Alumni

Alumni Class Notes

ALUMNI CLASS NOTES What's new with you?

Wondering what’s new with your classmates? This is the place to find out what your fellow alumni have been up to.

Submitting a Class Note is easy. Seriously, easy.

You can tell us if you moved (we love updating our database with the freshest info). Or, maybe you have a new job or are enjoying your retirement. Perhaps you’ve earned a new academic degree, produced a television series, taken up a new hobby, gotten married, or marked a new milestone in your life.

Whatever your news, we want to hear about it. And, we know your classmates would love it, too. Class Notes keep alumni connected.

I’m convinced! Submit My Class Note

1950s | 1960s | 1970s | 1980s | 1990s | 2000s | 2010s

(Page updated September 2020)

1950s

1956

George Marks '56

George Marks ’56

Hi to all those from the greatest Poly class, 1956, and hi to the rest of you as well. Bette and I just celebrated 55 years married. We have 2 children, 4 grandchildren – the oldest 2 boys have earned soccer scholarships to play soccer for Cal Berkeley. We now know their season will not take place, although football will. GRRRR. Many classmates have seen my latest photography on Facebook, and you’re welcome to join in. My latest work is with hummingbirds. Here is a link to 65 hummingbird photos. Stay safe and healthy. (October 2020)


1960s

1962

Jonathan Fratkin '62

Jonathan Fratkin ’62

Living the retirement life on the Dog River, in Mobile County, Alabama. I enjoy being a “Damn Yankee,” a northerner who came to the South, either for a battle or maybe just a visit, and never left. I am learning how to handle our powerboat, a 24-foot Boston Whaler. There are many places to travel by boat around the Dog River and Mobile Bay. Although I have not yet become a real fisherman, Gail and I have caught crabs in small traps dropped off the end of our pier. It’s a great deal of work to clean enough crabs to make a good-sized salad. I would love to hear from alumni or alumnae, especially in the region. (May 2020)

1967

Richard Lutz '67

Richard Lutz ’67

I am living on the coast in western Scotland after retiring from TV journalism after a lot of years on both sides of the camera. All well and trying to control my sea kayak when the wind comes up from the southwest. My wife Jane and I spent some time with Frank and Wylie Baron in Britain last year. Good times had by all. (June 2020)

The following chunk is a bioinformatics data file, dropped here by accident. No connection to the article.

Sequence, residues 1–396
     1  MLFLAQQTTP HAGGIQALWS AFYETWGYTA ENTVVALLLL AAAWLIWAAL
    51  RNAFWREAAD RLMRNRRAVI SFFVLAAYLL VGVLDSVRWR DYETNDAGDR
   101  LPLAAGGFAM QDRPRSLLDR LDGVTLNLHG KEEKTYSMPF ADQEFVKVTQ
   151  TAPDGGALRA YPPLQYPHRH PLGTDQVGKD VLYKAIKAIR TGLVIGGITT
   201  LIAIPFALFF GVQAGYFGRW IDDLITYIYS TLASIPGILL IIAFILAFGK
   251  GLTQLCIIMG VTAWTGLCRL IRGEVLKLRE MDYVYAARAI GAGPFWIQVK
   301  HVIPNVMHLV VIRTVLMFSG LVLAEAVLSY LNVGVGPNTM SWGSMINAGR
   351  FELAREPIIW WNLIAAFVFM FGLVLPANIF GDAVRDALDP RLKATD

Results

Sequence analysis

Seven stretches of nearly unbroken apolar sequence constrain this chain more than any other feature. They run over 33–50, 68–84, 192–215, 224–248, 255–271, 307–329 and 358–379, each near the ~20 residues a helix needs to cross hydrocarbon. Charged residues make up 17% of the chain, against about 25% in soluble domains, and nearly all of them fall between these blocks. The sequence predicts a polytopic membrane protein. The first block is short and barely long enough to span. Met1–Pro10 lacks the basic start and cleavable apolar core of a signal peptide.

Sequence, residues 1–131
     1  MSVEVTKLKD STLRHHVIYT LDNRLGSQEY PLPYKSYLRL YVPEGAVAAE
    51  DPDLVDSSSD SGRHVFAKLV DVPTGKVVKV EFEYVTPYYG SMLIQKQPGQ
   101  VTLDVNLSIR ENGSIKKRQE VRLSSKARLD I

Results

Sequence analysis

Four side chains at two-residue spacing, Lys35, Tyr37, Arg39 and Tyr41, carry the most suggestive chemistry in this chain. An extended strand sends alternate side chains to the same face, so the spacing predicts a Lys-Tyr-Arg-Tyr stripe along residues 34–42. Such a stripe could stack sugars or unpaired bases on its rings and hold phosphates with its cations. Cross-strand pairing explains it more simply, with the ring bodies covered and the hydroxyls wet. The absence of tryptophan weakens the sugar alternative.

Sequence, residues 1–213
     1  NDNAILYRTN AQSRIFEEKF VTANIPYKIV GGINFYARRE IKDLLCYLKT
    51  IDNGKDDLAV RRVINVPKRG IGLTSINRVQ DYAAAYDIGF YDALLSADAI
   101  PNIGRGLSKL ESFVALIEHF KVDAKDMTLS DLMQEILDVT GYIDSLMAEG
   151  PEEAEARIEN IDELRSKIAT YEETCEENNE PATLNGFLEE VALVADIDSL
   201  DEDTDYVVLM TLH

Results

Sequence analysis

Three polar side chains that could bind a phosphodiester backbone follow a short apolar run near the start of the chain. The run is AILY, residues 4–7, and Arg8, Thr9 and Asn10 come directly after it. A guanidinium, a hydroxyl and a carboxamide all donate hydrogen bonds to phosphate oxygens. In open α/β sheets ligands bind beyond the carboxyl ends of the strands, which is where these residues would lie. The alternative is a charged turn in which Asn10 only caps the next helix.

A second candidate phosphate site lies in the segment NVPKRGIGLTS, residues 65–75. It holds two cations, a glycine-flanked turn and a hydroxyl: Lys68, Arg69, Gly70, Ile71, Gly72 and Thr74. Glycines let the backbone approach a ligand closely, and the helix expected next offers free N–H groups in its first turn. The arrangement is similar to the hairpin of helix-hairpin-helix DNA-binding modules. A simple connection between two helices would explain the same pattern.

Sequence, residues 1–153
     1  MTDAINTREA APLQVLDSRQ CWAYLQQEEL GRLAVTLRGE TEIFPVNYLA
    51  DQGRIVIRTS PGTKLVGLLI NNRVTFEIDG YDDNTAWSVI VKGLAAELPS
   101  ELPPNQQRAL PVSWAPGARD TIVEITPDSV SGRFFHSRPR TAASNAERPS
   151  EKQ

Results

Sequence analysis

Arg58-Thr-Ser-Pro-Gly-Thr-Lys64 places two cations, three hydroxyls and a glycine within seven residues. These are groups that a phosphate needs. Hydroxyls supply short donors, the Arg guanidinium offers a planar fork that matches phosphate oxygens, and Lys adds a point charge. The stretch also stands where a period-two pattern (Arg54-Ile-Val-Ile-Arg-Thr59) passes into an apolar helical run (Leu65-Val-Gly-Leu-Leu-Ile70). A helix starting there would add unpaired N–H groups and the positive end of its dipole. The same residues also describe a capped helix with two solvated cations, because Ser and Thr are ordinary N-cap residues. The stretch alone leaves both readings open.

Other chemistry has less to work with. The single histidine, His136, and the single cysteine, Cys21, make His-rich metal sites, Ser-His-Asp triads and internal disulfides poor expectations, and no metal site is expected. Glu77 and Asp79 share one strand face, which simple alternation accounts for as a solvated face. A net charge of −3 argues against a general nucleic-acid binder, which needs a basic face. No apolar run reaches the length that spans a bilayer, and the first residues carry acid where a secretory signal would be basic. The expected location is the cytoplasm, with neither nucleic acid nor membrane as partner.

1970s

1971

Martin Kafina '71

Martin Kafina ’71

My grown boys are both living in NYC; although they miss their Walden roots. I’m still going into town teaching Rheumatology & Medicine to the neophyte students at Harvard Medical School. Hope to see everybody at our 50th! (November 2019)

1975

Paul DuBowy '75

Paul DuBowy ’75

Recently returned from my fourth Fulbright fellowship, this time teaching in China as a Visiting Professor of Ecohydrology in the School of Water Conservancy and Environment at Zhengzhou University. Zhengzhou, along the Yellow River (the cradle of Chinese civilization), is a city of ten million people, and ZZU is the largest university in China (73,000 students). I navigated the city on its subway system pretty easily by myself (growing up in New York City helped). My ZZU hosts were great; they took me to many places that I wanted to visit, including a weekend trip via high-speed train to Xi’an to see the Terracotta Warriors of Emperor Qin Shihuang. (December 2019)

Will Stevens '75

Will Stevens ’75

I was named President of Every Generation Ministries. Based in Temecula, California, EGM is a global ministry partnering with churches in 17 nations to provide children with transformational biblical education. (February 2020)


1990s

1993

Johnny Giacalone '93

Johnny Giacalone ’93

30 Nights of Sex (to Save Your Marriage), an independent comedy feature film by Johnny Giacalone ’93 (co-writer/co-producer/co-star) and starring Dan Fogler ’94, is now available for streaming for FREE on Tubi and available on DVD at Amazon/Barnes & Noble/Target! (January 2020)


2010s

2010

Allega Natsios '10

Allegra Natsios ’10

I’m so sad I couldn’t attend this year’s reunion–that none of us could hold a celebration–because this year is special. It has been 10 years since I walked through the halls, and I’m sure next year, when I celebrate my friends’ 10 year graduation anniversary, it will still feel like my second home. I know that high school felt like forever, and college was even worse, but Poly truly is a community with a lifelong impact. I have never regretted my years of school, homework and the never-ending weeks of sleep deprivation, because the memories I made then have stayed with me as inspirational reminders that you don’t have to be the biggest person to make the largest impact. Now I’m not saying I would go back to high school, (because I wouldn’t survive it all again), but I am saying that I miss the community that shaped who I am today.

Right now I work in the healthcare field, and I see how important every single person is. You do matter, and we all want you to be safe not just for you, but for the benefit of others. If I have learned anything, it is that nobody accomplished saving the world on their own. Everybody had a little help. From the bottom of my heart, I hope the Poly community stays safe, strong and smart. (July 2020)

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